Here is a list of all the postings john halfpenny has made in our forums. Click on a thread name to jump to the thread.
|Thread: Help: Cordless angle grinder keeps shutting down?|
I don't thnk you can 'know' that the battery is healthy when under load, notwithstanding a long charge and good voltage on a voltmeter Can you try another battery to rule out a fault with the grinder? Symptoms are those of a failing battery, as hinted.
Edited By john halfpenny on 09/06/2022 19:03:02
|Thread: Fortis Vice|
The ovality indicates a rather hard life. My No.11 has superficial signs of very hard use, but no such wear.
|Thread: Proxxon Micromot 60 Drill Went BANG!!!!|
Don't encourage him, please.
|Thread: Fortis Vice|
I think Coventry is right. Mine is on my flogging/bashing bench, and has proved unbreakable under very considerable force.
|Thread: Anyone know what these are called?|
Mine is called a lampshade
A version with more angles.
|Thread: Spindle depth stop|
A strip of masking tape wrapped around the tube will give you a perpendicular cutting line.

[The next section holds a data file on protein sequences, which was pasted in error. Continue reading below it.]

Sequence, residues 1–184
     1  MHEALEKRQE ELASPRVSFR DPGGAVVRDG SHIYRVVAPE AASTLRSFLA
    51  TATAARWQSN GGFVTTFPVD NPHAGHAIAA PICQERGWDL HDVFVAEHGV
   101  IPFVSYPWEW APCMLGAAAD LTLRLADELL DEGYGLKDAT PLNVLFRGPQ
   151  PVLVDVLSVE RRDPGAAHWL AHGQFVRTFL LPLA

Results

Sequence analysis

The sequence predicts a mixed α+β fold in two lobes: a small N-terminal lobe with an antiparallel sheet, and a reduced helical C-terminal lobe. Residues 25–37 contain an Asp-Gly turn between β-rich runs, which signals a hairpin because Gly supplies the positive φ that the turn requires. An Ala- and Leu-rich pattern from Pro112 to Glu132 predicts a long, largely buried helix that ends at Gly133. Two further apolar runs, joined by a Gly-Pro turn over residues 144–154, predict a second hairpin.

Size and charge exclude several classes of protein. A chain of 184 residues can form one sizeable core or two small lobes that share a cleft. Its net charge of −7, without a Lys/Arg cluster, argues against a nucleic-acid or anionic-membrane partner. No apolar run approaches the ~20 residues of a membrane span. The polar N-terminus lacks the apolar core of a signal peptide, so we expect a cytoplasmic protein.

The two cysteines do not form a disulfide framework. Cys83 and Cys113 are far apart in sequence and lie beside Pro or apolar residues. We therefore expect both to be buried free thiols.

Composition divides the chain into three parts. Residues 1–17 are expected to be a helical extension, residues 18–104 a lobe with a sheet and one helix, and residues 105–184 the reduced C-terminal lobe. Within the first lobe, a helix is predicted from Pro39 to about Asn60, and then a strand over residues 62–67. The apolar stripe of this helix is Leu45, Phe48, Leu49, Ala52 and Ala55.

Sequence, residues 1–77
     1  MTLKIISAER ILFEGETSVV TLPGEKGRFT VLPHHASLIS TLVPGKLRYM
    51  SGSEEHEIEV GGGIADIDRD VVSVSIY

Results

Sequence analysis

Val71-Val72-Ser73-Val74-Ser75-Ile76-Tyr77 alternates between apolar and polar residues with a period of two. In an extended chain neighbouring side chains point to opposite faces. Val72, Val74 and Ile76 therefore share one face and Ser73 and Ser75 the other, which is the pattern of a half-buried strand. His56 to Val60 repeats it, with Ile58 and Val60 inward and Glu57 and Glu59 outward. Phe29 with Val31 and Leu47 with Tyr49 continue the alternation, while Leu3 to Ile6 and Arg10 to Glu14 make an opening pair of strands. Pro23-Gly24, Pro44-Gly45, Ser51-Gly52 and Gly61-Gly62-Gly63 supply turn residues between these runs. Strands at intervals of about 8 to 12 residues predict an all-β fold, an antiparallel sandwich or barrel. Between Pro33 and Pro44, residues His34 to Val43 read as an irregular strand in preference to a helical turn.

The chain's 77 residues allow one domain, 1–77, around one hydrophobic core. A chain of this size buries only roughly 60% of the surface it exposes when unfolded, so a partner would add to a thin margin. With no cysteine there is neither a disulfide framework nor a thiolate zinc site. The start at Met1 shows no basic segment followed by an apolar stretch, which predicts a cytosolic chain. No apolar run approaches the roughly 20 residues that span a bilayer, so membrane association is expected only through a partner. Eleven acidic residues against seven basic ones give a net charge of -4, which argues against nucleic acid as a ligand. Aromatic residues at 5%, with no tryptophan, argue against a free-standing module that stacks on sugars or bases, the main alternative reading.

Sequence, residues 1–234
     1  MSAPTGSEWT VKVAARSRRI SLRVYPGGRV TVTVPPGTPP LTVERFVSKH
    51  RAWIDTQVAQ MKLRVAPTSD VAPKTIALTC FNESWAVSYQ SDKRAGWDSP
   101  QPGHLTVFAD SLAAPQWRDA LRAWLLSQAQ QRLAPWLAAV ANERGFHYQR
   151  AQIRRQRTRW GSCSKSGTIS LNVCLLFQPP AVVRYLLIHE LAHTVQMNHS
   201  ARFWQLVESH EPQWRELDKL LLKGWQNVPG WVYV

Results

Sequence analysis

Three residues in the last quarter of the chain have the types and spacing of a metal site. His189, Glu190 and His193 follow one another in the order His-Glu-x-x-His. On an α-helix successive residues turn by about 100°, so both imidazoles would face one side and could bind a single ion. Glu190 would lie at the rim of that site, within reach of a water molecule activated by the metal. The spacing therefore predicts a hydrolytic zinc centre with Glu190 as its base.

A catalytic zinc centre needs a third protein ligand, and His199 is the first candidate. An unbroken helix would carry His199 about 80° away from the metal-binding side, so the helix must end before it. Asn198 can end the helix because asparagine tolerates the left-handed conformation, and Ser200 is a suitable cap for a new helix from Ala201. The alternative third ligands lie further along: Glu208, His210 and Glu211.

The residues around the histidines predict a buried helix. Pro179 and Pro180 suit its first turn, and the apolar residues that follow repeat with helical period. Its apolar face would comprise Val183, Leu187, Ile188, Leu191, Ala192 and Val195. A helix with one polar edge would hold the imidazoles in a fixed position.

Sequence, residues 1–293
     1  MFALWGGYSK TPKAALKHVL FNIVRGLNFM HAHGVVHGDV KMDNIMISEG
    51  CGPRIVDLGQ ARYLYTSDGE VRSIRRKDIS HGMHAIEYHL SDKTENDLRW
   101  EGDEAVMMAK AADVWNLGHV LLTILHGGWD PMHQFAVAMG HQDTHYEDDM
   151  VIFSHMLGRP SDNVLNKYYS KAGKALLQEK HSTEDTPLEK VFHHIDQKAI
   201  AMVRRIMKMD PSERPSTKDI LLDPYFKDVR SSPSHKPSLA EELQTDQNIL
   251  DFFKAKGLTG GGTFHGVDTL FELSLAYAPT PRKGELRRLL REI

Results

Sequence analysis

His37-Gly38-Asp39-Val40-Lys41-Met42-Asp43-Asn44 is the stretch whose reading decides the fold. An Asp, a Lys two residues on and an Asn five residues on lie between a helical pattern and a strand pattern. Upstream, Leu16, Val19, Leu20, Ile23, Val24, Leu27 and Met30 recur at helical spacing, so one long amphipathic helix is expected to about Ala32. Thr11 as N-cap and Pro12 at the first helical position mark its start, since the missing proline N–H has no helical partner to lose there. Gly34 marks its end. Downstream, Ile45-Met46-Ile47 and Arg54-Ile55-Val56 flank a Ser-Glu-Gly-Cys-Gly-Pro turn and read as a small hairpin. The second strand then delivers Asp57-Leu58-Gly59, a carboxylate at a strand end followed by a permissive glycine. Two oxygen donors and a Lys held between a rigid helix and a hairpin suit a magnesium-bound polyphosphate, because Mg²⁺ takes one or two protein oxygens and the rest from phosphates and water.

|Thread: Lever operated tailstock for Clarke CL430/500M|
Yes Mike. I make a lot of kit, but no models yet. This one has a brass sleeve for my small taps with pointed ends. The crank may be better for larger threads where it is difficult to get a big tap wrench to turn in front of the chuck, and of course you have to stop the chuck from turning with the tap.
Edited By john halfpenny on 05/05/2022 10:29:53
Edited By john halfpenny on 05/05/2022 10:31:29
I suppose the sliding tailstock will also allow a tap to advance in a workpiece held in the chuck -the chuck being turned by a crank like this one I made earlier. I have not tried this yet.
The wheel on the crank is a cheap 24 hole indexer intended for a wood lathe, and used with the spring loaded plunger shown in the second photo.
Edited By john halfpenny on 04/05/2022 12:51:34
I did it because I can Mike. Scrap materials mostly - I bought two oilite bushes and two proprietary adjustable locking handles to finish the job. On the contrary, I expect it will give me more 'feel' for some drilling jobs, and allow rapid withdrawal for clearing swarf when drilling long holes. I think it's been worth my time to make (and an enjoyable project), and time will tell on utility.
The recent thread by Hopper encouraged me to make this mod based on a mini lathe conversion I found via google photos. It works well and smoothly, and retains hand wheel operation by locking the barrel extension in the rearward position.